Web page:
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Rats’ whiskers

Rats’ whiskers

As we get older we can get set in our ways. Life can get easier, as we may spend much of the day cruising on autopilot, falling back on skills and abilities we learned early in life. But scientists say resting on our laurels and not challenging our brains is not a good option. We no longer skip over high mental hurdles that keep our brains fit. We start to avoid challenges, surprises and problems. We even pave our world so that our every footfall is certain and we walk unthinking. 

US brain scientist Dr Michael Merzenich gives this example and says we are missing out on millions of such little practice moments every year and we are not paying attention to details anymore. In the natural environment, each step you take is uncertain and leads to you to slip or miss your step and then –hopefully – rebalance to right yourself. We may not be able to describe details of the street we live on, because the brain has clamped down on learning – it can be hard work. Ultimately the idea is that switching autopilot to “on” will leave your mind less able to adjust to life’s stumbles. But the good news is that it is never too late to switch off autopilot because our brains are incredibly speedy when put to the test.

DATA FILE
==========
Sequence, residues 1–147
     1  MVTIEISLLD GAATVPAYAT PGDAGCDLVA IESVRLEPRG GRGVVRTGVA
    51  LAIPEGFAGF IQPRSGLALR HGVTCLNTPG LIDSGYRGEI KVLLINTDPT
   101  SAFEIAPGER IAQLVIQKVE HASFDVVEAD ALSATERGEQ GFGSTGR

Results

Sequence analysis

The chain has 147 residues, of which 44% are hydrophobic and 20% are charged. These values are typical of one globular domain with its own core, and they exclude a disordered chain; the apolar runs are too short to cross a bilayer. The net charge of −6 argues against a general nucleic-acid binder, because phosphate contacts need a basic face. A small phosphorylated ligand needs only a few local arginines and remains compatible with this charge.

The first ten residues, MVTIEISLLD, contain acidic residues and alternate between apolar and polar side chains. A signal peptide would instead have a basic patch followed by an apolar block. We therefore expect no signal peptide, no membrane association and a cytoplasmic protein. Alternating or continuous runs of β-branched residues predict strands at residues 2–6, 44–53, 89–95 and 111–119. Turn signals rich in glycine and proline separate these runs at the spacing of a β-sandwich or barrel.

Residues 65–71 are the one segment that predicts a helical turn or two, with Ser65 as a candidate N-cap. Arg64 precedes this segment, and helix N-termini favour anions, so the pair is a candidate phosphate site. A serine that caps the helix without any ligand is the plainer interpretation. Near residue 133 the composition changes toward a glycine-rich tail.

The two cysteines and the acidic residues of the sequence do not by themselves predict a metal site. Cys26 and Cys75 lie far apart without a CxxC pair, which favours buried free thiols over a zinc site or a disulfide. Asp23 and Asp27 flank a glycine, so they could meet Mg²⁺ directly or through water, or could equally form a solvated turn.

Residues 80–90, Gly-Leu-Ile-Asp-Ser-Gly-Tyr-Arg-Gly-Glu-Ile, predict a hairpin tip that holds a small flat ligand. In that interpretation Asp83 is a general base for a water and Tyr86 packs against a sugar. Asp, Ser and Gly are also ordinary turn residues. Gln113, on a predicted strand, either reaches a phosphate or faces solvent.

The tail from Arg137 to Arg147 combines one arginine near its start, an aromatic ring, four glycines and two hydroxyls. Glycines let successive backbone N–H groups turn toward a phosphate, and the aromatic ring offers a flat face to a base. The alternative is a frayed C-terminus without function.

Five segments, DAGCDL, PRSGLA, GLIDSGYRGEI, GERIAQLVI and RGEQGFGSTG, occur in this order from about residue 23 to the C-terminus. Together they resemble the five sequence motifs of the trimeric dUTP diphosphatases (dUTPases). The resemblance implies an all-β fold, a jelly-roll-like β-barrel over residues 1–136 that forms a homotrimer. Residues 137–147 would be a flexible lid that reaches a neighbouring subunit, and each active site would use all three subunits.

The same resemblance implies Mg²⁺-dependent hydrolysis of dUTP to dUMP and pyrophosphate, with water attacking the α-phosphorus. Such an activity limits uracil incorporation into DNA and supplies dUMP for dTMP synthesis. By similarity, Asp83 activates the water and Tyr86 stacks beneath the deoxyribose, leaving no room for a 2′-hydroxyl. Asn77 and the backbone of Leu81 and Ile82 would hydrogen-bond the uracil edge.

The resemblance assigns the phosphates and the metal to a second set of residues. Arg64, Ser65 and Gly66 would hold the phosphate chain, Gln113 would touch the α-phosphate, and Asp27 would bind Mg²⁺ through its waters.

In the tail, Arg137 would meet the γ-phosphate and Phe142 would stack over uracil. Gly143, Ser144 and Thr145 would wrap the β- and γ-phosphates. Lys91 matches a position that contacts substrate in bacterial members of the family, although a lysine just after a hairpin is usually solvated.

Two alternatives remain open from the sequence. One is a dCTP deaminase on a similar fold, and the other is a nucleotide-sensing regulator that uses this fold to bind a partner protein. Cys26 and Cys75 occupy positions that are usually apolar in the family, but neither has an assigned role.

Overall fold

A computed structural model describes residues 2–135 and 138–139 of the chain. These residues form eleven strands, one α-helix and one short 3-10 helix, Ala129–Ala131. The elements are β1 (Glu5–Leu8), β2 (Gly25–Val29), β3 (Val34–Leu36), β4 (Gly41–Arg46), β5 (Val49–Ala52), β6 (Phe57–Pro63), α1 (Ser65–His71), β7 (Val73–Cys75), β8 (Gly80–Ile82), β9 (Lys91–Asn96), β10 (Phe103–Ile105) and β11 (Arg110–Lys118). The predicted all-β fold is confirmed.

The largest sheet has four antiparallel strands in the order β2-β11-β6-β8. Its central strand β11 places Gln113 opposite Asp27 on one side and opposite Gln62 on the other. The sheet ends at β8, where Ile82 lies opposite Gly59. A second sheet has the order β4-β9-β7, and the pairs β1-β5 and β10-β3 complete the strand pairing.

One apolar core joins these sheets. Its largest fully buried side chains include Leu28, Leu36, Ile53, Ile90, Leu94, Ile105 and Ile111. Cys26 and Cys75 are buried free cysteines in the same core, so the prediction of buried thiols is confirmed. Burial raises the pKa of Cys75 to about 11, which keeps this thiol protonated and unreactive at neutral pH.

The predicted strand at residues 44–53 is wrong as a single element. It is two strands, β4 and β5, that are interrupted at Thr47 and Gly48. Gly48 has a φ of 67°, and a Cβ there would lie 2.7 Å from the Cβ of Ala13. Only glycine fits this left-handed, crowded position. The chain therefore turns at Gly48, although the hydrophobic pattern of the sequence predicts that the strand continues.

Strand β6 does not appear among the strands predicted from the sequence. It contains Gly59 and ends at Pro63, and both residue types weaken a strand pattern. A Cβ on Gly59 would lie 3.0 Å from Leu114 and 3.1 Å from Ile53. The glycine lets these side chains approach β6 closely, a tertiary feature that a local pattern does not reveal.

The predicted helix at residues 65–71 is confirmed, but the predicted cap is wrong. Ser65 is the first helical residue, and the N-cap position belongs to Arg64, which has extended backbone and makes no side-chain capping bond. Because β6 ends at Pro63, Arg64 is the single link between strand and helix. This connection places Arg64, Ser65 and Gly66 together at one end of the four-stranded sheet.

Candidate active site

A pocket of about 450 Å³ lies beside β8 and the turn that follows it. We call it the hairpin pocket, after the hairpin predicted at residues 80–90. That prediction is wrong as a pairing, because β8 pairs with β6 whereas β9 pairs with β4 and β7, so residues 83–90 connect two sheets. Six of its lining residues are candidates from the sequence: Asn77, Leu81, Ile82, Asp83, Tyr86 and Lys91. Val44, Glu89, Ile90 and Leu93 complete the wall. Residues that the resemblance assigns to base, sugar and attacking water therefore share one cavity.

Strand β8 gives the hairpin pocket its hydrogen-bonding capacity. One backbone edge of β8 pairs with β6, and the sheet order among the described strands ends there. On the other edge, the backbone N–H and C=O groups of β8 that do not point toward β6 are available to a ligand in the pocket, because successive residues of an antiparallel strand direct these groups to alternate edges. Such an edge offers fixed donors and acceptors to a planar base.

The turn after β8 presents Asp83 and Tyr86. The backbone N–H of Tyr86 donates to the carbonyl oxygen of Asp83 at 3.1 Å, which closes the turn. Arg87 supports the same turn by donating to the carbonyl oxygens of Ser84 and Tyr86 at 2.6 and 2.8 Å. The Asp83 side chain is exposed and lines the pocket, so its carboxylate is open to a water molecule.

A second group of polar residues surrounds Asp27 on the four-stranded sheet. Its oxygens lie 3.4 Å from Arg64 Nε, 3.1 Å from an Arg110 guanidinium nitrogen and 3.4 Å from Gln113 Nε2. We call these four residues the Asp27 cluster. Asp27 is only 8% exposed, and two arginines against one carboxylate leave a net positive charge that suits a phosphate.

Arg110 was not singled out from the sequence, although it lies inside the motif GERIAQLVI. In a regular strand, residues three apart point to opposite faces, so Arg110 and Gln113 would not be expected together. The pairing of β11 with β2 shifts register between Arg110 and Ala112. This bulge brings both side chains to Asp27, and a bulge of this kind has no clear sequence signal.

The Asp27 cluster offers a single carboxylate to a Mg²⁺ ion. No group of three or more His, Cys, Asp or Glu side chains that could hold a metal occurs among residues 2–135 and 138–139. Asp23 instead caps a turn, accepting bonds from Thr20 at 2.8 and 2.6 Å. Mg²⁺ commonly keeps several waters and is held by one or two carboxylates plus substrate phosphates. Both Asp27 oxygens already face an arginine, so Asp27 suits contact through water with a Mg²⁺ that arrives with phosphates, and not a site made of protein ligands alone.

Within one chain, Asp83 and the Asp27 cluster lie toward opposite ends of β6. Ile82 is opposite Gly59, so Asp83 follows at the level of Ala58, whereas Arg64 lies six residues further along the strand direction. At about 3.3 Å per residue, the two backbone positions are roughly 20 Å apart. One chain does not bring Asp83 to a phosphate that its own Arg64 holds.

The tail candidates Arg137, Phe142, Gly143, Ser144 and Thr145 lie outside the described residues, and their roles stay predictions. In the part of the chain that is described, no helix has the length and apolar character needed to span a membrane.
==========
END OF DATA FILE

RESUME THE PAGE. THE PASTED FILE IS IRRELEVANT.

Scientists were stunned when they realised how rapidly brains react to new stimulation. They studied rat brains, but the results might apply to our brains too. The lab rats had their whiskers trimmed to deprive them of normal sensory information. The brain cables which normally transmit senses from whiskers to brain, unused, quickly began to fray. The scientists were not finished with their whiskerless rats though. They placed them in an enriched environment where they were entertained with new sensory stimulation. The rats reacted and brain connections resprouted and grew. What shocked the scientists was that this growth happened within just three days, something nobody thought possible. Illustration: Neuroplasticity

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